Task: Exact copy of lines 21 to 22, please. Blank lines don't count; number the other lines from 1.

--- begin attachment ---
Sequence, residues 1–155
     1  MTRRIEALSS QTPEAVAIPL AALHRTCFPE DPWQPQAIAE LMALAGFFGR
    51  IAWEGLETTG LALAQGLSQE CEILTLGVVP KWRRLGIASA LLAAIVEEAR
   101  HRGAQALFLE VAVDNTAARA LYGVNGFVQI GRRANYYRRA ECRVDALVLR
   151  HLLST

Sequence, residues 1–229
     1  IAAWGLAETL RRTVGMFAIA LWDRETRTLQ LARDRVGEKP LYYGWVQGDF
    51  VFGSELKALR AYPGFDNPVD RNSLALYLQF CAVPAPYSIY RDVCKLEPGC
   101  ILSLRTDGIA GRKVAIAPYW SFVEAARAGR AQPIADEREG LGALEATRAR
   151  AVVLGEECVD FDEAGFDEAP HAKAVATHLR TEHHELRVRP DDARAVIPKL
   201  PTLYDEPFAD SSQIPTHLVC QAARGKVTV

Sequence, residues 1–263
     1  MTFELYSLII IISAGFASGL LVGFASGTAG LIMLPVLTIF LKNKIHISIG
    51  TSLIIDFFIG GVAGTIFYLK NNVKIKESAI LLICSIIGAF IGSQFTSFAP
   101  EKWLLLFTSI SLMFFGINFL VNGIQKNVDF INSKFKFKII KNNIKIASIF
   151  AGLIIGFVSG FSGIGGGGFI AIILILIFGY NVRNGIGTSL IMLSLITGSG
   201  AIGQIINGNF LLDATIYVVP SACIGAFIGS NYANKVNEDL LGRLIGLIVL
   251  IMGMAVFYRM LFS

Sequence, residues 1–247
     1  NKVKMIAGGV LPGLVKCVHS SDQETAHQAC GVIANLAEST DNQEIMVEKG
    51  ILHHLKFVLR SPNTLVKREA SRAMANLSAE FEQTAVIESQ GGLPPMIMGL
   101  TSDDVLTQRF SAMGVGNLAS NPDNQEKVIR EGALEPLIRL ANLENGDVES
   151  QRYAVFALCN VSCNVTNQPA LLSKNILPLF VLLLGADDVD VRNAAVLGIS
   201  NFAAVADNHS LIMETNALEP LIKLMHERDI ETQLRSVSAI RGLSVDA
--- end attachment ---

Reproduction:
    51  ILHHLKFVLR SPNTLVKREA SRAMANLSAE FEQTAVIESQ GGLPPMIMGL
   101  TSDDVLTQRF SAMGVGNLAS NPDNQEKVIR EGALEPLIRL ANLENGDVES